1. I did not order Snow, I merely browsed the title while doing research for my Around the World in 52 Books. Amazon should not be recommending books based upon browsing, it makes me feel like my every single movement is being watched, categorized and then pounced upon. It makes me want to destroy my profile and never shop there again.

2. Seriously? Still Life with Husband? Compared to Nobel-prize winning Pamuk? Here's the description:

Yes, it's an affair novel, but file this adroit but placid debut under chick lit for early marrieds—the ones who are not sure they want to be on the baby-house-'burbs track. At 30, Emily Ross is a Milwaukee freelance writer with a part-time job as assistant editor at a medical journal called Male Reproduction and a marriage to "steady, staid" Kevin, a technical writer she met in college. Kevin, "innocent and intolerable," wants a baby and a house. Emily is ambivalent and bored. A few pages in, Emily meets David Keller, a dark, good-looking writer/editor at the local alternative newspaper, and starts an affair. Things, as expected, do not go well, but Fox's voice is steady, moving easily between comedy and drama.

They’re comparing Snow, crimes against Turkishness-Amnesty call out serious-type writing to chicklit, and not just any old chicklit, but vapid, trite and obviously clichéd chicklit.

I'm all for the terribly abused and over-used long tail philosophy of marketing, but the problem remains that Amazon is attempting to harness what should just come naturally: a person making connections through books and finding new authors based on external recommendations. This recommendation system shouldn't be some computer program that's matched up two books that wouldn't be caught dead being catagorized together on a table if the bookstore were any less virtual. Obviously, there's a problem with the circuitry. And for now, under no circumstances will I be ordering Still Life with Husband.

Tuesday, February 06, 2007

Write Around Town Debuts

Lots and lots to update on, not the least of which is one more book down from the 1001 Books list, Breakfast at Tiffany's by Truman Capote, a visit to the spa, a night of 24, and two movies (Music & Lyrics and Children of Men).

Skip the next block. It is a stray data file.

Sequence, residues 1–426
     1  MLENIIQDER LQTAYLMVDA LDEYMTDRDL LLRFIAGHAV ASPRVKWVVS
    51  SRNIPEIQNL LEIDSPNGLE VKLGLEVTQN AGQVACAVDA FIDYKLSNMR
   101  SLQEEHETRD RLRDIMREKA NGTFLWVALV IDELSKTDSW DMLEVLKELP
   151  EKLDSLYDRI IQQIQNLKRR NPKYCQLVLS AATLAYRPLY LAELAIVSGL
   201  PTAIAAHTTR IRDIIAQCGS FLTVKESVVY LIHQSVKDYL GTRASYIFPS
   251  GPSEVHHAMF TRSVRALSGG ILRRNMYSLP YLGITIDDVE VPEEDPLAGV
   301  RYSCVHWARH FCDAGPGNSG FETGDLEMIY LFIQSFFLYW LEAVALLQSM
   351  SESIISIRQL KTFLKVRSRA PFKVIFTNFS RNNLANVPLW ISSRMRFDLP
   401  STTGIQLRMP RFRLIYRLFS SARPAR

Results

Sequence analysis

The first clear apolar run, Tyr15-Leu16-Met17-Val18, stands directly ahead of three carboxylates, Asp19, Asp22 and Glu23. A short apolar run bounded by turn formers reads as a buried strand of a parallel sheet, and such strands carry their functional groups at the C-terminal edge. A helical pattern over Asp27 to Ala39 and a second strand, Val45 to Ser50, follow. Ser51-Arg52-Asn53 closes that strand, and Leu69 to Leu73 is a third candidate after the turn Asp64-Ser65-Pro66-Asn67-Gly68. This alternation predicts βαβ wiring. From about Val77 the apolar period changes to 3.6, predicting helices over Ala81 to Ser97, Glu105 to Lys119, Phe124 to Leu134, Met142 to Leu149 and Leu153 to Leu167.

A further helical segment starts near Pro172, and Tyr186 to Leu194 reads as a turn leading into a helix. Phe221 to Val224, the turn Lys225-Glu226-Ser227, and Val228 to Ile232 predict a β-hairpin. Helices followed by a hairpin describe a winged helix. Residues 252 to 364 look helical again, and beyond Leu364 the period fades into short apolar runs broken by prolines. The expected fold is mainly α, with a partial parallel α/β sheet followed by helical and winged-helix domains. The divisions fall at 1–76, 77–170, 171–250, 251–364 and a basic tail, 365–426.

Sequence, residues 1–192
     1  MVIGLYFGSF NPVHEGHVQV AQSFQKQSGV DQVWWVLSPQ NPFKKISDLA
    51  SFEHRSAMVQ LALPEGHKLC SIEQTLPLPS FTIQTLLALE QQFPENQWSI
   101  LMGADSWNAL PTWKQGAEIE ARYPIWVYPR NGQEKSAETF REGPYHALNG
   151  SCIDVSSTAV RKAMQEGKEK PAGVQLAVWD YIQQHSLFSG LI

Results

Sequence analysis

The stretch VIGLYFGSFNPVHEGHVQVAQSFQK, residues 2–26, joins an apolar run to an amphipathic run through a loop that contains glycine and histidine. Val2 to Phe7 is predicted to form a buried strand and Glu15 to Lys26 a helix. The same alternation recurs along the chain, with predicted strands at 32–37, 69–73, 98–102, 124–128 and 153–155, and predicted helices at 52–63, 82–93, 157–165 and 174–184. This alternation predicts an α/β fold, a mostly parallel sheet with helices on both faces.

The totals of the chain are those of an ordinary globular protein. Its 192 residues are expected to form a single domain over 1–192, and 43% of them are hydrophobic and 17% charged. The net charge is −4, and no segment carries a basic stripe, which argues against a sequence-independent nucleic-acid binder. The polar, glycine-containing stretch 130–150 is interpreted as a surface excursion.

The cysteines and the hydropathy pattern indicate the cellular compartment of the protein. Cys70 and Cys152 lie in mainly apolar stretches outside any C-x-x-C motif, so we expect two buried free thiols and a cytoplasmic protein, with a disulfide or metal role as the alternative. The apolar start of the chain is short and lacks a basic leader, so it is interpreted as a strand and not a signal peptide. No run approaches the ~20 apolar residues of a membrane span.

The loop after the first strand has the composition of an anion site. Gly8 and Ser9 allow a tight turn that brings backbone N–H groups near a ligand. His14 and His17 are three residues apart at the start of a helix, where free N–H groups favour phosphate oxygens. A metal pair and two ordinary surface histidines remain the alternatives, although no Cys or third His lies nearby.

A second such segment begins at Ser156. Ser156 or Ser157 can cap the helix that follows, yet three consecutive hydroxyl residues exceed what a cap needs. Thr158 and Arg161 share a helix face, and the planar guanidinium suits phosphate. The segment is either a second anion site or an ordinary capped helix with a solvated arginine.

But for now, if you're at all interested in literary events in Toronto, I've started to write a monthly column for Experience Toronto called Write Around Town. It's the first one, so it's a bit rough around the edges, but I'm excited about it and am looking forward to having something fun to write every month for someone other than myself!

Friday, February 02, 2007

A Bird In The Hand

Last night, despite feeling utterly under the weather, I headed out in the cold to my first Sweater class at Knitomatic. I arrived, of course, without needles, but luckily there were some in the store I could use and, after I did my gauge swatch, it was a good thing I hadn't bought needles because I work tight so I needed to go up a size anyway.

We're knitting a raglan sweater in the round, which I've never done before, so I'm excited about it. I've got this rich grey wool with lovely white strands through it that looks very old fashioned. I think it'll make a grand sweater.

The owner of the store has a lovebird named Pluto. He's really sweet and affectionate and took quite a liking to me. At one point, he was perching on his owner's water glass, after dropping himself in more than once for a quick drink, he looked and chirped at me until I paid attention to him. I held out my hand so he could jump on. Then, he hopped up to my shoulder and trilled in my ear as I chatted with him.

And then he pooped on my new coat.

Heh.

It's good luck, isn't it? When a bird poops on you?

Anyway, I'm taking it as a sign that my sweater will turn out brilliantly.